To those who spread smiles on the faces of our children, and gave us restored hope, through their personal sacrifice and brave fighting, and gave new life to the city after hopelessness darkened our days, and stole our confidence in our ability to reestablish our city.
Our city was the main base of operations for Abu Mousab Al Zarqawi. The city was completely held hostage in the hands of his henchmen. Our schools, governmental services, businesses and offices were closed. Our streets were silent, and no one dared to walk them. Our people were barricaded in their homes out of fear; death awaited them around every corner. Terrorists occupied and controlled the only hospital in the city. Their savagery reached such a level that they stuffed the corpses of children with explosives and tossed them into the streets in order to kill grieving parents attempting to retrieve the bodies of their young. This was the situation of our city until God prepared and delivered unto them the courageous soldiers of the 3d Armored Cavalry Regiment, who liberated this city, ridding it of Zarqawi’s followers after harsh fighting, killing many terrorists, and forcing the remaining butchers to flee the city like rats to the surrounding areas, where the bravery of other 3d ACR soldiers in Sinjar, Rabiah, Zumar and Avgani finally destroyed them.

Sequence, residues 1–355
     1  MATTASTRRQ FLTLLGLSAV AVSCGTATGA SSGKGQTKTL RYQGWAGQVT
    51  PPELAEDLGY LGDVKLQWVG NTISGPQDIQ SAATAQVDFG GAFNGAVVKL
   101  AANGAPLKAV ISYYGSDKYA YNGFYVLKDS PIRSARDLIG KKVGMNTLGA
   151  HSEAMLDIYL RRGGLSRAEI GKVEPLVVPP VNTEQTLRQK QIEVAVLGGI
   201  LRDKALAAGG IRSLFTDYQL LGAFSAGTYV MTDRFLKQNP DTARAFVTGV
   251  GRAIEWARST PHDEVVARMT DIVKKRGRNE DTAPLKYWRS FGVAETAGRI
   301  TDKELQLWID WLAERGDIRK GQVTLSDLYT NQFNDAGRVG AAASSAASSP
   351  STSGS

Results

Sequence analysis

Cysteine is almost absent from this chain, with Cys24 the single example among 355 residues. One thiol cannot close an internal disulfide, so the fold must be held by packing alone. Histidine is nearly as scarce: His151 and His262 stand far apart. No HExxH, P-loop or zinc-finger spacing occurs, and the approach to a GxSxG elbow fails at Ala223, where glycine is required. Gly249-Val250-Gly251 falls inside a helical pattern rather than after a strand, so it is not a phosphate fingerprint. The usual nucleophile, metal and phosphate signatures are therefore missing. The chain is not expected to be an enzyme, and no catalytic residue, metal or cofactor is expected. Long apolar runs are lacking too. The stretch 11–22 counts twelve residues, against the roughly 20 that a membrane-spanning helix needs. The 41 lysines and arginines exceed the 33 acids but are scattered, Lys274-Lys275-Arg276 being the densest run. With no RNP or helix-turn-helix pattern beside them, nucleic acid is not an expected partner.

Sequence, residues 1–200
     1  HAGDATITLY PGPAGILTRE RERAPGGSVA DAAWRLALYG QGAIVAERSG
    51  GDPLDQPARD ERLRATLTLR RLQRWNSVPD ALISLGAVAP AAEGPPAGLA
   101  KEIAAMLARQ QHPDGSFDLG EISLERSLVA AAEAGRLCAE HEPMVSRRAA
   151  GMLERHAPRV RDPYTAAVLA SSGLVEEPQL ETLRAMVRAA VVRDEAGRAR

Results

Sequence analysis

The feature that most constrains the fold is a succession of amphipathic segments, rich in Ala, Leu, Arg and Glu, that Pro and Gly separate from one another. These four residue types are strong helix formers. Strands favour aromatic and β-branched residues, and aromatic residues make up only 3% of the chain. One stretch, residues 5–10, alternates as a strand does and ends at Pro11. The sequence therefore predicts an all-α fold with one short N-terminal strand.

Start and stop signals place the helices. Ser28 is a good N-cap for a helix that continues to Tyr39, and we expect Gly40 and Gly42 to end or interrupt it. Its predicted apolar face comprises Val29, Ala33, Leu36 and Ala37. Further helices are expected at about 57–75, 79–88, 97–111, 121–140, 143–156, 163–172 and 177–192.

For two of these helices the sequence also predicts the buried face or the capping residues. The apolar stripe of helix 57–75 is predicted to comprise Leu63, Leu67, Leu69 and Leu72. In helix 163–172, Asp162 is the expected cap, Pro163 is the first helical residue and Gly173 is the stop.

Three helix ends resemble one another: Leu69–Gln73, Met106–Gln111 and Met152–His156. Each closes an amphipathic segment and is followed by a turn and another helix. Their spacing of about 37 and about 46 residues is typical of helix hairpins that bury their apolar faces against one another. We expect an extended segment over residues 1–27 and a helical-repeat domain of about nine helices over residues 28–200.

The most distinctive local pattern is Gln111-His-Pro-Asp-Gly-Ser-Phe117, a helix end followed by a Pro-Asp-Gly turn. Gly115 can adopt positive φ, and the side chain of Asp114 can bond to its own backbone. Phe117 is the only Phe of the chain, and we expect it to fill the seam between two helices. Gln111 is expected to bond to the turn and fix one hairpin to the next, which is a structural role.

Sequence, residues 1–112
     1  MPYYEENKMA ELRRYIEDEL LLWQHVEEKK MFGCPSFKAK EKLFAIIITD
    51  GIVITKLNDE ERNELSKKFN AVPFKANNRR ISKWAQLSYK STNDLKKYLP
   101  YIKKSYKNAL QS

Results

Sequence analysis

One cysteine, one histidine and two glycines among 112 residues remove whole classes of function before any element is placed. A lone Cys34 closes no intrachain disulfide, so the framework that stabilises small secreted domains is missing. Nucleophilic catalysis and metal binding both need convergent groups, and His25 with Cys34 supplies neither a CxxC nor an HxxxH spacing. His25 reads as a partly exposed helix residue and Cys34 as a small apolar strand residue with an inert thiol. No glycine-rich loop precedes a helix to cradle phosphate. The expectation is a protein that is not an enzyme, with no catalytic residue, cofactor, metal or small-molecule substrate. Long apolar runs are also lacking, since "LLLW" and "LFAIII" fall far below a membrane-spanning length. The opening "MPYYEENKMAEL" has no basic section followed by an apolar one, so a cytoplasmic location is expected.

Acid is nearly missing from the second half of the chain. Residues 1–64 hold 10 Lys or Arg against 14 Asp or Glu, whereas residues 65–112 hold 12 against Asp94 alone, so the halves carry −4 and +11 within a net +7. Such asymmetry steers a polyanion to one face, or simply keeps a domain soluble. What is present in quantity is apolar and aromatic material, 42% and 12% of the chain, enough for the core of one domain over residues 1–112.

I have met many soldiers of the 3d Armored Cavalry Regiment; they are not only courageous men and women, but avenging angels sent by The God Himself to fight the evil of terrorism.
The leaders of this Regiment; COL McMaster, COL Armstrong, LTC Hickey, LTC Gibson, and LTC Reilly embody courage, strength, vision and wisdom. Officers and
soldiers alike bristle with the confidence and character of knights in a bygone era. The mission they have accomplished, by means of a unique military operation, stands among the finest military feats to date in Operation Iraqi Freedom, and truly deserves to be studied in military science. This military operation was clean, with little collateral damage, despite the ferocity of the enemy. With the skill and precision of surgeons they dealt with the terrorist cancers in the city without causing unnecessary damage.